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As hurricane slows, Texas braces for further damage

August 26, 2017 at 6:28 PM EDT
Hurricane Harvey is weakening and drifting slowly along the Texas coast as forecasters warn of the storm's continued potential to generate catastrophic flooding as far as 100 miles inland. Officials began surveying the damage on Saturday following the most powerful storm to hit Texas in more than 50 years. The NewsHour Weekend’s Hari Sreenivasan has the latest on the storm.
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HARI SREENIVASAN: Hello and thanks for joining us.

Once-mighty Hurricane Harvey is weakening and drifting slowly but dangerously over land. Forecasters warn the storm is still capable of generating “catastrophic” flooding as far as 100 miles inland. After making landfall overnight, Harvey was downgraded today from a Category 4 hurricane, with 130-mile-an-hour winds, to tropical storm status, still with very severe 75-mile-an-hour winds.

Harvey came ashore about 30 miles northeast of Corpus Christi as the strongest hurricane to hit Texas in almost 60 years. Harvey has already dumped 20 inches of rain in some places. There’s a report of one hurricane-linked death.

But the storm knocked out power to almost 300-thousand homes. Because of Harvey, officials say about a-quarter of gulf coast oil refinery production has been taken off-line.

Hurricane Harvey struck the town of Rockport, northeast of Corpus Christi, as a Category 4 hurricane late last night. By dawn, nearly 20 inches of rain had fallen. The heavy winds caused damage to this coastal community of 10,000 people.

After the roof of this senior center collapsed, some of its residents were evacuated to the county jail.

Despite the warnings, the storm’s severity caught some off-guard.

MANDY LEE: we’re kind of just hoping. We didn’t think it would end up a Category 4.

HARI SREENIVASAN: Near Rockport, the Coast Guard sent helicopters to rescue the crews of three tugboats that had sent mayday notifications.

Nearby Aransas Pass was under a mandatory evacuation order, but some residents stayed behind.

ALBERT GUZMAN: It was pretty scary. It felt like 150 mile an hour winds. I mean it was whipping pretty good.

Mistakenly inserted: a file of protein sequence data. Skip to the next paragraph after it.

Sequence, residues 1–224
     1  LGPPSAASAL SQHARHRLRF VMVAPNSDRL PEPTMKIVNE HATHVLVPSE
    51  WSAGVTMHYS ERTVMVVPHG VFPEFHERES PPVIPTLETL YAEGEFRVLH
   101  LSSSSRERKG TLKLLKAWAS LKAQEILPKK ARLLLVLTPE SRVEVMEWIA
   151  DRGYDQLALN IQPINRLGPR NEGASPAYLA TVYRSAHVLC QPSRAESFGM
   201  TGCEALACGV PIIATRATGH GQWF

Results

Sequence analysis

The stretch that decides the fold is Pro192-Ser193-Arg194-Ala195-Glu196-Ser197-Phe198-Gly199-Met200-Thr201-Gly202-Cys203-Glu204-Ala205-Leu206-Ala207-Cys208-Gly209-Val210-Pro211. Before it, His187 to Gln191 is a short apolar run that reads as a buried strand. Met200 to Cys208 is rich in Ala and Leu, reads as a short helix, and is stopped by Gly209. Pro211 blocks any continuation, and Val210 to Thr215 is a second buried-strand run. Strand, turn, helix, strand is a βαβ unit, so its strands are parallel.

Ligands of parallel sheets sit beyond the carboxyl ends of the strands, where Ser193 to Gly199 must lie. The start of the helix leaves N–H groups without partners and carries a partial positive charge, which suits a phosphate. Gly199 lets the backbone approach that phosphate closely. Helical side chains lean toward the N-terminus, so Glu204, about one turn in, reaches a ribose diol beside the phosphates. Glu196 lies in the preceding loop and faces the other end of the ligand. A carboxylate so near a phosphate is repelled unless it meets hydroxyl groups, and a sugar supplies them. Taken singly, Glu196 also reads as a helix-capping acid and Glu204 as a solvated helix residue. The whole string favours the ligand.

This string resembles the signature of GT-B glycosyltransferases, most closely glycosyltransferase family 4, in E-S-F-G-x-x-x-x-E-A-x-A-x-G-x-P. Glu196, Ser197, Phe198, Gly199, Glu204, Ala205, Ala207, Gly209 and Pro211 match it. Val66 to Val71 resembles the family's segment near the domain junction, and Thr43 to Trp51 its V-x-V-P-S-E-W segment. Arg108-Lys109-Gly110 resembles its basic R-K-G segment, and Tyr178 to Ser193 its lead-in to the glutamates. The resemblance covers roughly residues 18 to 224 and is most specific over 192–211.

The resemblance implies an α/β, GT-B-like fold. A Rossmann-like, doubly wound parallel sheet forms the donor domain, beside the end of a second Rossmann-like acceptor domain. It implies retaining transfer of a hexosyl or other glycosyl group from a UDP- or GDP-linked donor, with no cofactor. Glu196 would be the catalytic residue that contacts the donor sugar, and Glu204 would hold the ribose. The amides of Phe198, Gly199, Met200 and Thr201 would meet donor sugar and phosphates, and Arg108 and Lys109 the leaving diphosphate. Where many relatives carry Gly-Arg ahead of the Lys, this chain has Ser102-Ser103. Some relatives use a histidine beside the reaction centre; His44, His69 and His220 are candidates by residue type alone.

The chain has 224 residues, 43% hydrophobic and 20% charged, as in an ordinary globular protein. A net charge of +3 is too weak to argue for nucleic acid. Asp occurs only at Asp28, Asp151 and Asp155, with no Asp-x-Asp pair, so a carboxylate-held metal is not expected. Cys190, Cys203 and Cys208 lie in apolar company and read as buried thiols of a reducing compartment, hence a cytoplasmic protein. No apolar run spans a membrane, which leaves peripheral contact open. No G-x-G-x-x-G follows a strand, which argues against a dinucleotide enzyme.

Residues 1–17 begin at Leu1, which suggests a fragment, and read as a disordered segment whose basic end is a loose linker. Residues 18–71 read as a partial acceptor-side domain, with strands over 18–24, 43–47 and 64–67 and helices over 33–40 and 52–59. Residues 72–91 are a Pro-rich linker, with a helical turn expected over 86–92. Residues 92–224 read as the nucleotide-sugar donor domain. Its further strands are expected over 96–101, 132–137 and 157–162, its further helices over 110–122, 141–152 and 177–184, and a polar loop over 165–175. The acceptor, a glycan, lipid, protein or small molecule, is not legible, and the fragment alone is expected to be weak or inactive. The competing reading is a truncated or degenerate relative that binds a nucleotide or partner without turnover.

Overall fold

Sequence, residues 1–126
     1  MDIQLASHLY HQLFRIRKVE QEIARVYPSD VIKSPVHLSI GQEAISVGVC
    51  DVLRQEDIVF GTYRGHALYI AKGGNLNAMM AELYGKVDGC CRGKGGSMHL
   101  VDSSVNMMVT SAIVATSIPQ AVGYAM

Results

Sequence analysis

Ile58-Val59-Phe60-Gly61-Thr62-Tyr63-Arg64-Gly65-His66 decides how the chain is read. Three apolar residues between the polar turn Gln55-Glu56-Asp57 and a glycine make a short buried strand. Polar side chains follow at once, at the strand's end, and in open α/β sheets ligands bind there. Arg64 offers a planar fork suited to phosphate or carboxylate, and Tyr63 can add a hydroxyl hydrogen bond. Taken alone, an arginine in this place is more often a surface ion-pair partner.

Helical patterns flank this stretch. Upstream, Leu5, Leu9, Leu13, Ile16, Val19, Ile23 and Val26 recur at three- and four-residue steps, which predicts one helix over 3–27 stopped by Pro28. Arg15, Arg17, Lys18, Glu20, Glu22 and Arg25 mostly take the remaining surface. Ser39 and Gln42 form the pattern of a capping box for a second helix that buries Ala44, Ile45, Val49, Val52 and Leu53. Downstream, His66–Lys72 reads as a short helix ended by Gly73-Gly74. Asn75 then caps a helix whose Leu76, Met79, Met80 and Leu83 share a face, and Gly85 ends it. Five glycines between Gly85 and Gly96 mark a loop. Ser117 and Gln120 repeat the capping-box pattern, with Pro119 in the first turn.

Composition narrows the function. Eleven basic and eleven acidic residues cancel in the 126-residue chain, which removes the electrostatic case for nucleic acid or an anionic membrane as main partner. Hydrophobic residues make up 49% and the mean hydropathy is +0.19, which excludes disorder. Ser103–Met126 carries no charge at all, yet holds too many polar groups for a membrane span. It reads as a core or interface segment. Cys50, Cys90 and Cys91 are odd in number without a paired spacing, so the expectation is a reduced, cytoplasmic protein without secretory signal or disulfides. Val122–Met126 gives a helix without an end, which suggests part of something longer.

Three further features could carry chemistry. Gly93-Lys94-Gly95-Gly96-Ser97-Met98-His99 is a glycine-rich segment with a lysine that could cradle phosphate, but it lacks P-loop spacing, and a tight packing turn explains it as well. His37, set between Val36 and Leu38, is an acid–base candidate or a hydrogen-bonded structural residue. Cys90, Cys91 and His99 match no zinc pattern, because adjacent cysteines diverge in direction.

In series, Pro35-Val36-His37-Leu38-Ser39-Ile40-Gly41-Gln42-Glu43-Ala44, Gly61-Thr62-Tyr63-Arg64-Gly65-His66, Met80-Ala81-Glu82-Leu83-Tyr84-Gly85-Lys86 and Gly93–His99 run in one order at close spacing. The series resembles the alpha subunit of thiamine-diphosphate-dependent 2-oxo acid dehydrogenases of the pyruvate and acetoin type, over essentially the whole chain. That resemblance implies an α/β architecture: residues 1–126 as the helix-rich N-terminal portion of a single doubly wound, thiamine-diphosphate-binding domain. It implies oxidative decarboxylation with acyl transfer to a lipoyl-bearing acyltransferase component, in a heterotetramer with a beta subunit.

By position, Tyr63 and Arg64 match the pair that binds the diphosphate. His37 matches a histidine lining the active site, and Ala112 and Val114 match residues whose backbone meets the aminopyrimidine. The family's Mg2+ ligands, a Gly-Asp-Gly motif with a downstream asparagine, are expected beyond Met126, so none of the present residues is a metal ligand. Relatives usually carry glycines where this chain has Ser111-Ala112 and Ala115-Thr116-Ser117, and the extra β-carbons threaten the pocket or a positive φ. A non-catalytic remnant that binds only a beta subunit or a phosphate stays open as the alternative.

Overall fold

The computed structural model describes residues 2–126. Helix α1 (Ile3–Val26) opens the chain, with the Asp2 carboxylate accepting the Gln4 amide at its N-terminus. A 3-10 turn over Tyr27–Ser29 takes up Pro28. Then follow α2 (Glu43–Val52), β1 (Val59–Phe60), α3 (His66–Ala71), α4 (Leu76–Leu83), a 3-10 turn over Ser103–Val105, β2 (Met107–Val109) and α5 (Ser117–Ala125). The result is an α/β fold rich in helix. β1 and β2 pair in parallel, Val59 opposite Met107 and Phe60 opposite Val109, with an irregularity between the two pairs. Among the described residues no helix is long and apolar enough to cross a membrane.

Albert Guzman prepared by moving all of his possessions into a storage container.

ALBERT GUZMAN: The storage pod’s got everything I own in it. The house is empty. I got three cats and a rabbit, and a girlfriend.

HARI SREENIVASAN: In Corpus Christi, the closest major city at the center of the storm, there were heavy winds and downed lamp posts. But the large marina was relatively unscathed.

About 75 miles north of Corpus Christi, the storm demolished structures in the town of Victoria. The mayor estimated that 65 percent of the town’s 65,000 residents didn’t leave, despite the mandatory evacuation order.

Farther north, near Houston, Harvey was blamed for what’s believed to be a tornado that touched down in the nearby town of Katy.

President Trump signed a disaster declaration for Texas before the storm hit the coast last night, and in a tweet early this morning he said he was “closely monitoring #hurricaneharvey from camp David. We are leaving nothing to chance. City, state, and federal govs. Working great together!

The White House said later Mr. Trump and Vice President Mike Pence met today with the cabinet and senior administration officials to discuss the federal response.

Now-tropical storm Harvey is now headed inland in the direction of San Antonio, before it’s expected to turn around and start heading back toward the coast by tomorrow morning.

Harvey is expected to hover over the Texas coast until the middle of next week.

In a news conference this afternoon, Texas Gov. Greg Abbott said he had activated 1,800 Texas service members and warned the worst of Harvey may still be ahead.

TEXAS GOV. GREG ABBOTT:
In various key regions ranging from Corpus Christi to the Houston area, perhaps as much as 20 to 30 more inches of rain could be coming down. That is coming down on already saturated ground and already filled-up waterways, whether it be creeks, bayous, or riverways. And so there is the potential for very dramatic flooding.

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